June is Senior’s Month, a time to consider the health and welfare of an important and growing percentage of the Canadian population, as well as preparing for the future generation of seniors following quickly behind. Currently, there are over 7.7 million Canadians over the age of 60. The image below shows how that demographic is set to explode in the coming decades.
The Global AgeWatch Index by HelpAge.org is the first ever index to measure countries by how well their older populations are faring. According to the index, Canada ranks fourth in the world (overall and for health), just behind Norway, Sweden and Switzerland. The US ranks eighth. This index shows that currently, the average 60-year-old Canadian can expect to live an additional 25 years beyond this number, however only 18.3 of those years will be spent in good health. That leaves a shortfall of 6.7 years when each person’s need for healthcare will be greatly increased. We are already realizing a tremendous strain on the healthcare system in 2015 as hospitals face staffing freezes and a growing need for more money to provide workers and services. Combine this with the figures of an expanding elderly population and it is evident that something must be done very quickly.
Canada ranks 4th in the world, but for how long?
The Telegraph reported in 2012 that “increasing longevity is one of humanity’s greatest achievements. People live longer because of improved nutrition, sanitation, medical advancements, healthcare, education and economic well-being.” In Britain, one third of all children born in 2012 are expected to celebrate their 100th birthday. Does this mean we raise the age of seniors (Canada already recently increased the retirement age from 65 to 67) or can we fund seniors who may spend 30, 40, or even 50 years in retirement?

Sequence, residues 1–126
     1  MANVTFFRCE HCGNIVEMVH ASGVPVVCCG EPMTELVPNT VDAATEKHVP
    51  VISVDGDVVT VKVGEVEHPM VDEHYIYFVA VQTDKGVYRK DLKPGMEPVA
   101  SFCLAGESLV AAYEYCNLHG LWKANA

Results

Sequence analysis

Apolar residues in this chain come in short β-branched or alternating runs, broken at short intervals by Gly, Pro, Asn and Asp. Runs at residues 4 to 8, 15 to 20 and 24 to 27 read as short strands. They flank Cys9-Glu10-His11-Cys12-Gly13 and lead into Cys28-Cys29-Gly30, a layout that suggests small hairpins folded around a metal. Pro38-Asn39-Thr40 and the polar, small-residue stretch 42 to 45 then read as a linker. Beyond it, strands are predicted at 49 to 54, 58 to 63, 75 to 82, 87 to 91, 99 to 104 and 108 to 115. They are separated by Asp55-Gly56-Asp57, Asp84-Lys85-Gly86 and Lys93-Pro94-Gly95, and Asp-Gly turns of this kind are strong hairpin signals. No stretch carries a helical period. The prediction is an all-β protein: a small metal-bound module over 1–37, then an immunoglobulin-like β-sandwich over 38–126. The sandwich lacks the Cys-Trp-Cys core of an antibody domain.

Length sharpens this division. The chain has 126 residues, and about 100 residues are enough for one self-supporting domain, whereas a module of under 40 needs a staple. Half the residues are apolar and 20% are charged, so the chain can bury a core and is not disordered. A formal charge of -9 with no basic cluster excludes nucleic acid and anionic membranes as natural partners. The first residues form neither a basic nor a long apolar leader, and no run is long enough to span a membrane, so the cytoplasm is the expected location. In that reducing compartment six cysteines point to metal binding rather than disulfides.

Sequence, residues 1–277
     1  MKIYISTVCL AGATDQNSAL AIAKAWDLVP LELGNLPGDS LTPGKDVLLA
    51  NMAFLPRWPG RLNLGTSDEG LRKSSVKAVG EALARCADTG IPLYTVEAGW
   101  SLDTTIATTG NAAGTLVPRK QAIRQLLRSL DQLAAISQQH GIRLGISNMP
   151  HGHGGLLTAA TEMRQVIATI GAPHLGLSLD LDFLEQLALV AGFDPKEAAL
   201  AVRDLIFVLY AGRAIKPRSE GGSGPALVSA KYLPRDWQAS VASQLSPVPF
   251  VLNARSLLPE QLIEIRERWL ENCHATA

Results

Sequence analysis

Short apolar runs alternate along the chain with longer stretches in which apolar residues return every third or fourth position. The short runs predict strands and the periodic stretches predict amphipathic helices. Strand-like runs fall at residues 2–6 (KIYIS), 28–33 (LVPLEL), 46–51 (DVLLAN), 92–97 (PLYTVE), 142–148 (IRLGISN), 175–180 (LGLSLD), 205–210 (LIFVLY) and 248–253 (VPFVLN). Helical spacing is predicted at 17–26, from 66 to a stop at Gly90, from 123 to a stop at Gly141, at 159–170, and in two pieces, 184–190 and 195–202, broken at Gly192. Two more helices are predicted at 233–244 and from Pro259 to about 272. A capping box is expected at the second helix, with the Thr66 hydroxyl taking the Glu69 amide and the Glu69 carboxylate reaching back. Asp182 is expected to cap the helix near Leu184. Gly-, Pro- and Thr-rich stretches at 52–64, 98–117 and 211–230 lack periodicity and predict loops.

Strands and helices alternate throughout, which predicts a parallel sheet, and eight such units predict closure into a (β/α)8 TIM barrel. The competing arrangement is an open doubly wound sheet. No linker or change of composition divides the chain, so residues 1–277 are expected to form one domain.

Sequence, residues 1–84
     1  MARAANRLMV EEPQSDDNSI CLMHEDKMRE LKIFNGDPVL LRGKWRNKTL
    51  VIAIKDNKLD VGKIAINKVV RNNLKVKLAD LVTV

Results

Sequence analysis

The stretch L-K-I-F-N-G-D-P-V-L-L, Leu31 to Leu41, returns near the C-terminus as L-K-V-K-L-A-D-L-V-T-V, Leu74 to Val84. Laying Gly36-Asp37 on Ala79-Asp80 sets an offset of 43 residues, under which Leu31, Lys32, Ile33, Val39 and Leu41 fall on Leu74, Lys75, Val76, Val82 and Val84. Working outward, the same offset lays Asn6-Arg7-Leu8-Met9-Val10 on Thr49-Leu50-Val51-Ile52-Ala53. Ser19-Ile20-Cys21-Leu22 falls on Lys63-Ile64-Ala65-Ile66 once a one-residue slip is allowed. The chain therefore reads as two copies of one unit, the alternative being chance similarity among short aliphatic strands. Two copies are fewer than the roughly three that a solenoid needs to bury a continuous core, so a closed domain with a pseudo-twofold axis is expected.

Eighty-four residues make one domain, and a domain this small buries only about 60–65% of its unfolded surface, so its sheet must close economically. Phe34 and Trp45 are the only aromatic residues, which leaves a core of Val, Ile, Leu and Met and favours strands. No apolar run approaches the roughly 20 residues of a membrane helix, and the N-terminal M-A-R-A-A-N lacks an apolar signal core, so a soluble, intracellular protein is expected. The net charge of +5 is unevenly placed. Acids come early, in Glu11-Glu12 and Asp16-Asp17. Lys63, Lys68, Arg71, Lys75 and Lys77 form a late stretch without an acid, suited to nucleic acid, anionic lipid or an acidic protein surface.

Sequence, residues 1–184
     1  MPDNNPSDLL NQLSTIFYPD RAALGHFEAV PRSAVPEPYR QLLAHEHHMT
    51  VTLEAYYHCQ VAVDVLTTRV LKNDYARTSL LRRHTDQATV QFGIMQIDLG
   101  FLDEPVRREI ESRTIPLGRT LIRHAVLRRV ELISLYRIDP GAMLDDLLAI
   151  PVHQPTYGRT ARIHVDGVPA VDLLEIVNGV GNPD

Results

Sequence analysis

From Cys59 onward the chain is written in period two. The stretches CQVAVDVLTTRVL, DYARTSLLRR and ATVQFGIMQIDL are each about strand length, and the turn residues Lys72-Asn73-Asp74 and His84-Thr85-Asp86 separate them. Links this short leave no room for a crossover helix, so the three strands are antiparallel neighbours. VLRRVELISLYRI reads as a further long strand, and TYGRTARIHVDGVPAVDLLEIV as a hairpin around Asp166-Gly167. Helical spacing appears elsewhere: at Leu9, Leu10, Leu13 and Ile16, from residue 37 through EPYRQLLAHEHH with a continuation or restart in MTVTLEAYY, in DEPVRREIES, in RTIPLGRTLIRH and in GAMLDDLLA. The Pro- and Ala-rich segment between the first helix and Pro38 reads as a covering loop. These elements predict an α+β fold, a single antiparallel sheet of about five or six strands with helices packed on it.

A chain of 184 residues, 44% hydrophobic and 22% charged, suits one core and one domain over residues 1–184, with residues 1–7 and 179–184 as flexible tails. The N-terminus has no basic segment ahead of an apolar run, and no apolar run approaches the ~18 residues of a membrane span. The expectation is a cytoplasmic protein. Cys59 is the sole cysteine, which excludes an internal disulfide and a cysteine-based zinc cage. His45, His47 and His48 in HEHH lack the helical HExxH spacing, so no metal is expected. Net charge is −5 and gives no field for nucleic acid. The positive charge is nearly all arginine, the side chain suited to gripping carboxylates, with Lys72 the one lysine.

Maybe I’m just being pessimistic. They call the senior years the “golden years,” but I’m just worried that the money might run out and they will be more like “tin-foil years” for me.
We must look forward to the future of healthcare and the time is now to take action. That is why SEIU Healthcare has launched the Rise for Homecare campaign. We’re looking for you to share your stories with us as a PSW, a client receiving homecare, or family member of someone receiving homecare. You can also take action by signing and sending a letter to your MPP to ask for his/her support on this important issue. Visit http://www.seiuhealthcare.ca/rise and you’re just a click away from making your voice heard.